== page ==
I guess we have to give credit to Rucka for tackling this mess head-on, but it’s still hilarious and stupid. It’s a lot of wheel-spinning about her past, and reading it all laid out like this makes it hilarious, because it reads like a blog post of someone laying out decades of history in a condensed period so you realize how ridiculous the passage of time in comics really is (FotB John Seavey wrote this tremendous post five years ago showing everything that happened in the Marvel Universe between Kitty Pryde’s 14th and 15th birthdays – this comic is like that, a little bit). This is one of the worst symptoms of comics, especially more modern comics, as they accrete history, all of which “counts.” Comics become backward-looking as writers (and readers) demand that things make “sense.” Listen – Wonder Woman is a woman with superhuman strength and a lasso that compels people to tell the truth. Very little about her makes sense, as very little about Superman, Batman, the Flash, Aquaman, and every other single fucking superhero character makes sense. There is no need to rehash her convoluted past – just tell stories about her kicking ass in the name of peace, man! This is why nostalgia is deadly to comics (and pop culture in general), especially when so many cooks have been involved in making the goulash. Yes, if one creator (or creative team) is working on a comic and they’re the only ones who ever will, it’s fine to go back and subvert what you saw the first time, but Wonder Woman (and her ilk) have been around for decades, with a bunch of people writing her. It’s stupid to try to reconcile her various origins, and Rucka shouldn’t try. Because, let’s say he writes a cool story that reconciles all the weird stories of Wonder Woman’s origins. Guess what? Someone else will come along and tell us that everything we knew about Wonder Woman is wrong, including Rucka’s origin. And the ouroboros will continue to eat its own tail. Rucka wrote a great run on Wonder Woman over a decade ago (until it got derailed by Infinite Crisis), so he knows how to write the character without getting convoluted. He still might. But this issue was dumb.
A few years ago, when I wrote about superhero comics needing more innovators, art-wise, I brought up Matthew Clark as an example of someone who does not innovate, which caused a tiny bit of controversy. Clark is a perfectly fine artist – like, say, Scot Eaton – but he doesn’t push the boundaries at all, and it shows in this comic. It’s a pleasant-looking comic, highlighted by a really nice double-page spread in which Diana smashes a mirror and Clark shows various scenes from her life in the glass shards (I can appreciate a good double-page spread when it’s not wasteful!). Sharp has a more distinctive style, and he and Martin make Olympus a hellish place with creepy statues assaulting Wonder Woman, and it’s a nice shift. I like Sharp a bit more than Clark, but they both do decent work. But like every other DC Rebirth book so far, there’s not a lot of innovation. The artists lay out pages in as bland as way as possible, and everything looks pleasant but not terribly interesting. I didn’t mean to pick on Clark back when I wrote that post (I was pointing out that DC was using him on a doomed book like Doom Patrol when they knew it was doomed and therefore could get an artist who would take some chances because who cares?, but, I mean, Clark could have done some wacky shit, too, because the point was that no one was reading Doom Patrol), and I’m not picking on him now. He’s a decent artist. Most of the people (men, I should say, as none have been women yet) working on these comics are decent. With a very few exceptions, though, the pages have been bland. Oh well.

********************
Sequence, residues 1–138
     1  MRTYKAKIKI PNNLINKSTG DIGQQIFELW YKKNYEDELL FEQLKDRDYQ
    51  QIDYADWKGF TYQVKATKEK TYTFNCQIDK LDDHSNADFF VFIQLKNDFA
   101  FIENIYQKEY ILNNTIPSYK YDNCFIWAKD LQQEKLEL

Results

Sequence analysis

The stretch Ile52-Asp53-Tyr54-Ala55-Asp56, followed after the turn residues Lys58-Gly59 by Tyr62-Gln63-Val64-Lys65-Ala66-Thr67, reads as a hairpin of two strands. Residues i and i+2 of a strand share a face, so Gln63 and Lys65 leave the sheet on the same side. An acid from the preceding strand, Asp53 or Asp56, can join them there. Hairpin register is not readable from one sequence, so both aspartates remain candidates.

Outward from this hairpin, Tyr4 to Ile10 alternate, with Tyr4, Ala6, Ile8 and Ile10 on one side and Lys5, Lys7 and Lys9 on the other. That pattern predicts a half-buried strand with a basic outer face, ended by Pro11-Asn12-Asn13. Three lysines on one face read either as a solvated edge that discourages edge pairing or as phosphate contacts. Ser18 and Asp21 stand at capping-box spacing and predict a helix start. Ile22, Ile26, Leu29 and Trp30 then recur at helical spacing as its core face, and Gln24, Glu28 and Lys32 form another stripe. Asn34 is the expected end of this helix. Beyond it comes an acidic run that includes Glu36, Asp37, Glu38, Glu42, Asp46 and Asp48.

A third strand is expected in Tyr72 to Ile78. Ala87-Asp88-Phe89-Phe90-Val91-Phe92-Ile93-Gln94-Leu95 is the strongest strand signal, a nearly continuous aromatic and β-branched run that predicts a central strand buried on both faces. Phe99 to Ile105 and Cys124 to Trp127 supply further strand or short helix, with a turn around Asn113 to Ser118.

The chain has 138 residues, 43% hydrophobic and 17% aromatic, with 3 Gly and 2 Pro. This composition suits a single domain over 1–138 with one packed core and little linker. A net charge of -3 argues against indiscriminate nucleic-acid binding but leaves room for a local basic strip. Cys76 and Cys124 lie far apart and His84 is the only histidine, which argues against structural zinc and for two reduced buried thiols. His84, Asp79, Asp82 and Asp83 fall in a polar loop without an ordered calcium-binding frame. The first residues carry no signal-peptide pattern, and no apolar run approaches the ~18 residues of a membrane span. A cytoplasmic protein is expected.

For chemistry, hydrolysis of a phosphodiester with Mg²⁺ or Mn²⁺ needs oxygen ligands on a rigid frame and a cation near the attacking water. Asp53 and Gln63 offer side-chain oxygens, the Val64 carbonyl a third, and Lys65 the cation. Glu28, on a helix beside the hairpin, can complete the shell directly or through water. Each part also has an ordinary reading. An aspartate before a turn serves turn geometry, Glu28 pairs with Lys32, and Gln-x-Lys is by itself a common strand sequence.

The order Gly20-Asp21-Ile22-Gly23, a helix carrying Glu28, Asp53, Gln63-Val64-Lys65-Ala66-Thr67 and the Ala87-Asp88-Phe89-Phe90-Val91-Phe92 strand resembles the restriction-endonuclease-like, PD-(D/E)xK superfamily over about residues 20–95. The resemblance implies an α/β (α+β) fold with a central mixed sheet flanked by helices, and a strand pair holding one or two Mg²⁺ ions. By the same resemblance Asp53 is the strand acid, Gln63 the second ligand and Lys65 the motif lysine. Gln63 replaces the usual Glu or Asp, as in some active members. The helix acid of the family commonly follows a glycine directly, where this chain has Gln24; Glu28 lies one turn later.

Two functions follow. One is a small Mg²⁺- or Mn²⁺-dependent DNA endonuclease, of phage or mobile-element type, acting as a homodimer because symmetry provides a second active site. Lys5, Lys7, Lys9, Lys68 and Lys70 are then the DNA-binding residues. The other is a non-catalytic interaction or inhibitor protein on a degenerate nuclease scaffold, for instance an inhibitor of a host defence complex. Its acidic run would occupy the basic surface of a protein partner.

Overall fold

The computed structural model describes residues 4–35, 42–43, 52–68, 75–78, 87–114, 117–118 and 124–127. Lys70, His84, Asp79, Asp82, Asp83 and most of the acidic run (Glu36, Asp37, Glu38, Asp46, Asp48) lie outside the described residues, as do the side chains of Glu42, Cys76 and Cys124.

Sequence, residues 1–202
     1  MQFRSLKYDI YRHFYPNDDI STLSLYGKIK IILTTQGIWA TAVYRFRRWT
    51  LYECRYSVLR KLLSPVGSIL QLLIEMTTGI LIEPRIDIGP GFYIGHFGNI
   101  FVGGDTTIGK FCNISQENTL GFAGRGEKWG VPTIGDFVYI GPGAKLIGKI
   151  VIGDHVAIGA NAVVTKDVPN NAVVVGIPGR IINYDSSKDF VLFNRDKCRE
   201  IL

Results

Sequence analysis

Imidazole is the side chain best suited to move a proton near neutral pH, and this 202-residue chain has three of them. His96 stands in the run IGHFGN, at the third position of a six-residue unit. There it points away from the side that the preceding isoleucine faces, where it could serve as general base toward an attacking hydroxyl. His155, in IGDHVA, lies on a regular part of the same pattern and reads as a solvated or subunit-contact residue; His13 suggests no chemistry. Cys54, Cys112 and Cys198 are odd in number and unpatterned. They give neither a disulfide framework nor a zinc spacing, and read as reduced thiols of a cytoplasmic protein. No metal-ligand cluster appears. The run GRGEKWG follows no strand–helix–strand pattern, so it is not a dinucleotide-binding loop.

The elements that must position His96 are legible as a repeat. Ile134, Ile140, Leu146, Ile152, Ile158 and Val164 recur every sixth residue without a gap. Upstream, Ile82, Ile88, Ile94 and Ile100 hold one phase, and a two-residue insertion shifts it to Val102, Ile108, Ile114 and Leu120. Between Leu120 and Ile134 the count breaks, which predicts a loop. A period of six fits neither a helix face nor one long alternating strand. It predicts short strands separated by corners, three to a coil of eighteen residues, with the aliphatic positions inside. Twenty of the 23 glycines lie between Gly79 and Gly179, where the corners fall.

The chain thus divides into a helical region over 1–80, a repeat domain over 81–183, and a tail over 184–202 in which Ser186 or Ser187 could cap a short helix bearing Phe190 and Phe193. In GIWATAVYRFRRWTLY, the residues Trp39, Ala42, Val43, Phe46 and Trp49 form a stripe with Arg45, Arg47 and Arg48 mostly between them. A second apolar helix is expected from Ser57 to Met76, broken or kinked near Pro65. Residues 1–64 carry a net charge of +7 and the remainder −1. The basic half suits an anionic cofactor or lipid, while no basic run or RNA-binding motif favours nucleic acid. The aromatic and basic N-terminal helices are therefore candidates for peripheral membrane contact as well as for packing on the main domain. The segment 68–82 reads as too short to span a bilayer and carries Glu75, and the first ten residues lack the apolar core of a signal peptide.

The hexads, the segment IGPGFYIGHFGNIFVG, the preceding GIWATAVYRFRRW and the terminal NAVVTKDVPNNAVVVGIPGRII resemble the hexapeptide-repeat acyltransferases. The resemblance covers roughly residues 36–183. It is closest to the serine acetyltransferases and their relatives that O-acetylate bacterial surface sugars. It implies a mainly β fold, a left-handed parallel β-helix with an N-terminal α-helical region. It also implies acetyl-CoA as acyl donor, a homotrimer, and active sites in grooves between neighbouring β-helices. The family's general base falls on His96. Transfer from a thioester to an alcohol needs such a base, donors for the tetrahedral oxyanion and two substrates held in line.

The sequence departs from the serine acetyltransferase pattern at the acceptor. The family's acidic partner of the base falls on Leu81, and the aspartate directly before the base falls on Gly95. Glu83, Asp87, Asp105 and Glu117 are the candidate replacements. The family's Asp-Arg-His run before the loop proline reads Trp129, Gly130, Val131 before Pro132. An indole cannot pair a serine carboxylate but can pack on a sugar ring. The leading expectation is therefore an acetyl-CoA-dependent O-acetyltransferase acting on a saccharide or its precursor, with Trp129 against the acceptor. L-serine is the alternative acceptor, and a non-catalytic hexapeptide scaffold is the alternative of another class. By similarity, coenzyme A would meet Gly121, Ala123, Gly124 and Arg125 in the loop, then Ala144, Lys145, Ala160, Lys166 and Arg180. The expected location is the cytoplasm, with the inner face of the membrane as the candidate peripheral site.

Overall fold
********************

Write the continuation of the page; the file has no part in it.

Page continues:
I have more trust in Rucka than I do a lot of writers on these books (not that I’ll buy the single issues, but perhaps I’ll get the trades), but this is not a great start. WE DON’T CARE ABOUT THE INCONSISTENCIES IN WONDER WOMAN’S BACKGROUND! Well, I don’t. Just tell good Wonder Woman stories. Wouldn’t that be nice?
Rating: ★ ★ ★ ★ ★ ☆ ☆ ☆ ☆ ☆
One totally Airwolf panel:
All right, let’s talk about other, more boring things. Like the advertisements in these comics. Holy shit, are there a lot of ads. DC is committed to keeping the prices at $2.99, but they’re shipping these twice a month, which presumably offsets the fact that they can barely survive on a $2.99-priced comic. Nobody knows how the interior economics of DC or Marvel works (possibly not even the people who are supposed to), so who knows what the deal is, but there are a shitload of ads in these books. I know it’s a new initiative, so they’re promoting it heavily, but does anyone think they’re going away any time soon? The Rebirth books all have that giant Superman promotion in the center of the books, which is extremely annoying. There’s a picture of some kid looking up at a Superman poster holding a gigantic copy of DC Universe: Rebirth (there’s so much wrong with that promotion, as kids don’t read DC comics and that copy of DC Universe: Rebirth is comically large), then there are two pages about the various Superman books and the characters within, three pages of a video game ad, a page with a very short and very stupid interview with Peter Tomasi (not that Tomasi is stupid, it’s just that there’s really no substance to the interview at all), and a final page with an advert for the same video game. So in the middle of every Rebirth comic, we get eight (8!!!!!!) pages of ads that stop whatever momentum the story has dead in its tracks. Let’s take a look at the way the ads are dispersed in the comics: